She added: “Boris Johnson and his colleagues could make a big difference by halting the flow of arms and support to the Saudi regime. These airstrikes have killed thousands of people. They have only been made possible by the vast and immoral multi-billion pound deals between Downing Street and the Saudi military. How many more people will be killed by UK-made fighter jets and UK-made bombs before there is an end to these toxic trade deals?”

Save the Children’s Denisa Delic said the charity was “horrified” by the report. She claimed it gave an accurate picture of the “systematic violations of international law” committed by all parties in the conflict, including “the killing and maiming of children” and the destruction of schools.

“It is telling to see a recommendation for the UN Security Council to refer the situation in Yemen to the International Criminal Court,” Delic said.

“From May to July this year at least 47 children lost their lives in airstrikes and only yesterday a one-year old baby was tragically killed after an artillery shell hit his house.

Delic said the United Kingdom has a “key role” to play in ensuring accountability in Yemen.

She continued: “The UK must use all its diplomatic channels to ensure the Human Rights Council renews its mandate for the Group of Eminent Experts, fully supports their investigations into the conflict in Yemen, and seeks practical mechanisms for accountability.”

A spokesperson for the Department of International Trade said: “The UK is deeply concerned by the ongoing conflict and humanitarian crisis in Yemen. We fully support the peace process led by the UN Special Envoy, Martin Griffiths, and urge the parties to engage constructively with this process.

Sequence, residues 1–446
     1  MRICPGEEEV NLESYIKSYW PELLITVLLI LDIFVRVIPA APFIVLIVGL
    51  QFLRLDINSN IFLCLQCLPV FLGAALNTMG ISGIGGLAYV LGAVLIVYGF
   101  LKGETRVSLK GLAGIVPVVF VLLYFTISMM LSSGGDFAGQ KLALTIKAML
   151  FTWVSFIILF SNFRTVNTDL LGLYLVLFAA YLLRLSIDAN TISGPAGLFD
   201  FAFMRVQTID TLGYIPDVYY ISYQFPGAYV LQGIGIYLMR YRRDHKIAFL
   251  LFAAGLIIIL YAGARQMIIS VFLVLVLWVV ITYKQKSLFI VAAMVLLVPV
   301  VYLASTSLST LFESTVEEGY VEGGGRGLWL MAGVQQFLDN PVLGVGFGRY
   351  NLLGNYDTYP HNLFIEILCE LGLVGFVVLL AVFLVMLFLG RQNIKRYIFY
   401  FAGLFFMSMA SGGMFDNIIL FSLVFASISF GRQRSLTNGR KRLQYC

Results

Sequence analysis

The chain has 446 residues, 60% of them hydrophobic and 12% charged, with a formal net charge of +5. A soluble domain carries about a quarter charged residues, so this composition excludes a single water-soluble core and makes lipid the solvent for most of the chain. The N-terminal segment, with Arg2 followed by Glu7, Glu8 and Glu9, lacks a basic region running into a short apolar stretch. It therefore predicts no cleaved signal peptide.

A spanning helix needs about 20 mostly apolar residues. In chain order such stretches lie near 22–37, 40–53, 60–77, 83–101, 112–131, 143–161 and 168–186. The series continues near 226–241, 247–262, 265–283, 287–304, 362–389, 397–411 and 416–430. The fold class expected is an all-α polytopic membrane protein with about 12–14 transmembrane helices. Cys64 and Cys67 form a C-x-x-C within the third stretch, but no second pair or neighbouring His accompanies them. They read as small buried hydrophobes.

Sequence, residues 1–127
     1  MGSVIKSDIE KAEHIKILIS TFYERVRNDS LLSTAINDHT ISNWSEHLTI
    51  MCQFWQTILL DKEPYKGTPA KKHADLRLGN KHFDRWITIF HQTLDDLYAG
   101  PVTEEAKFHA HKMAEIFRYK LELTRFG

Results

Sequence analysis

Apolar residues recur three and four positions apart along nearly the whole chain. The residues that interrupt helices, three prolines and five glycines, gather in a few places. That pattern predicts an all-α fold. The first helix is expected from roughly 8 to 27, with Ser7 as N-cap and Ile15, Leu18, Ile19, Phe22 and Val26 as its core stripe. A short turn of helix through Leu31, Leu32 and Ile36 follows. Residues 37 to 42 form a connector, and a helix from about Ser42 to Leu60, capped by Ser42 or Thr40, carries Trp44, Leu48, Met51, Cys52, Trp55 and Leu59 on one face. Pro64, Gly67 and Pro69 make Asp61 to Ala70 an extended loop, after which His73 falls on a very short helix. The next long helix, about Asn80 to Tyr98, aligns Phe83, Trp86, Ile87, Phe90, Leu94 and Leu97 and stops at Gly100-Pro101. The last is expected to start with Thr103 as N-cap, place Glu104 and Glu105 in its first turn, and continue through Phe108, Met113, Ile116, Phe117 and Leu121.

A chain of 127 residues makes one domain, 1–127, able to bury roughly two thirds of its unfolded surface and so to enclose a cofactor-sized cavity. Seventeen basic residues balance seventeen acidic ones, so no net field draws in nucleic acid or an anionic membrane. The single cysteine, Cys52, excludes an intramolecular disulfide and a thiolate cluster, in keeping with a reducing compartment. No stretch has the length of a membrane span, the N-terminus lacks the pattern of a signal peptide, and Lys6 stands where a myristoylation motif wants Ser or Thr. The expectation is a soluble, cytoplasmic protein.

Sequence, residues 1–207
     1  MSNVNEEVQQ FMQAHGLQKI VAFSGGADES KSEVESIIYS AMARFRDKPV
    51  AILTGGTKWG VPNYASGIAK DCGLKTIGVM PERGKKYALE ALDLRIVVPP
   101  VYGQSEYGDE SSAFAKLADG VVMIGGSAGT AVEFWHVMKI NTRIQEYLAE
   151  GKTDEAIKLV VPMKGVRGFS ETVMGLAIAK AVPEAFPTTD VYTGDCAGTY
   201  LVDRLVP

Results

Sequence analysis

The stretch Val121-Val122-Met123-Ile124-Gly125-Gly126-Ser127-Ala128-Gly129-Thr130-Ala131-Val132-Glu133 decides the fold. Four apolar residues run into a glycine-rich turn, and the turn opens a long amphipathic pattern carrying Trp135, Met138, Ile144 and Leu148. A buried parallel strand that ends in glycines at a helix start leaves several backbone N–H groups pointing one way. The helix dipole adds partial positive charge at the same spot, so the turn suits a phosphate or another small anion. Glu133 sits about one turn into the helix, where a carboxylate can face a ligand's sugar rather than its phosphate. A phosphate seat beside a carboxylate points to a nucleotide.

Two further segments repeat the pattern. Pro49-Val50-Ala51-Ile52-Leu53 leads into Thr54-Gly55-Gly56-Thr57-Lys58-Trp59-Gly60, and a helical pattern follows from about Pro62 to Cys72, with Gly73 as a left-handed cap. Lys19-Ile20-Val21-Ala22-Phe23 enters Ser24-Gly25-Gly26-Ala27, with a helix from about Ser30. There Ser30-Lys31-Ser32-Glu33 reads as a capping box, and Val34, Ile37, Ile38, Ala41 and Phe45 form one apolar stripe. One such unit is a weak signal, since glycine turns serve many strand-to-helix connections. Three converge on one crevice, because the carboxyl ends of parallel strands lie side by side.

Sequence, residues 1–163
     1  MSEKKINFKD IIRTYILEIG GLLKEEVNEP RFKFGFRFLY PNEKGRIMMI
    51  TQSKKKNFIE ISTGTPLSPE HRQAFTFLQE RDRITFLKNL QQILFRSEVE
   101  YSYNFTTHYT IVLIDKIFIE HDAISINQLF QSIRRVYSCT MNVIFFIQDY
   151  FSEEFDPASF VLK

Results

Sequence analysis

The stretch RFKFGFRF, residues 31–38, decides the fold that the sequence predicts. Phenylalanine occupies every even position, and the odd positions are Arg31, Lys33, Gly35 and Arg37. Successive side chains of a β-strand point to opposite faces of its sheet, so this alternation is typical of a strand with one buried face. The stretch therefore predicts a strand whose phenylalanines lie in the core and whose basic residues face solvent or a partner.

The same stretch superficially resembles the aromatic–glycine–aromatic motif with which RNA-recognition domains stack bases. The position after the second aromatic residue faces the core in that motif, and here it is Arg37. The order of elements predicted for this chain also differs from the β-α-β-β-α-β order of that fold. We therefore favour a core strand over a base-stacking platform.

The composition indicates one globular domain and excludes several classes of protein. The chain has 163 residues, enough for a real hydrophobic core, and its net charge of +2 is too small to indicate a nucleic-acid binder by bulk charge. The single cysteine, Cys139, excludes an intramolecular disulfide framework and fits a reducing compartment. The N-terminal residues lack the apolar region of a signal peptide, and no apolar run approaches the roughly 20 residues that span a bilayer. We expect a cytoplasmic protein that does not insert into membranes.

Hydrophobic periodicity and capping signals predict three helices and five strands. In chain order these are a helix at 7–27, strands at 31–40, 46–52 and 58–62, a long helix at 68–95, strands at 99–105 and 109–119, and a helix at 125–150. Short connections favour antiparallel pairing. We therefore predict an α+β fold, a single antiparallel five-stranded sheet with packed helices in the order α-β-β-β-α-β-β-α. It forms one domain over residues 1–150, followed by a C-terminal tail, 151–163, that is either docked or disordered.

“The government takes its export responsibilities seriously and assesses all export licences in accordance with strict licensing criteria. We will not issue any export licences where to do so would be inconsistent with these criteria.”

Earlier this month, the UK Government announced a £119 million aid package to tackle coronavirus and famines in seven countries including Yemen.

Fighting intensified across Yemen in 2015 between a Saudi-led coalition backing the resigned regime of former Yemeni president Abd Rabbu Mansour Hadi, and the Houthi popular movement which still controls the capital Sana’a, together with their allies.

The UN said responsibility for the carnage rested with all parties to the conflict – namely the Hadi regime, the Southern Transitional Council and members of the Coalition, in particular Saudi Arabia and the United Arab Emirates.

Verified human rights violations covered in the report include enforced disappearances, arbitrary detention, sexual violence, torture, the recruitment and use of children in fighting, as well as denial of a fair trial.

Source: The Ferret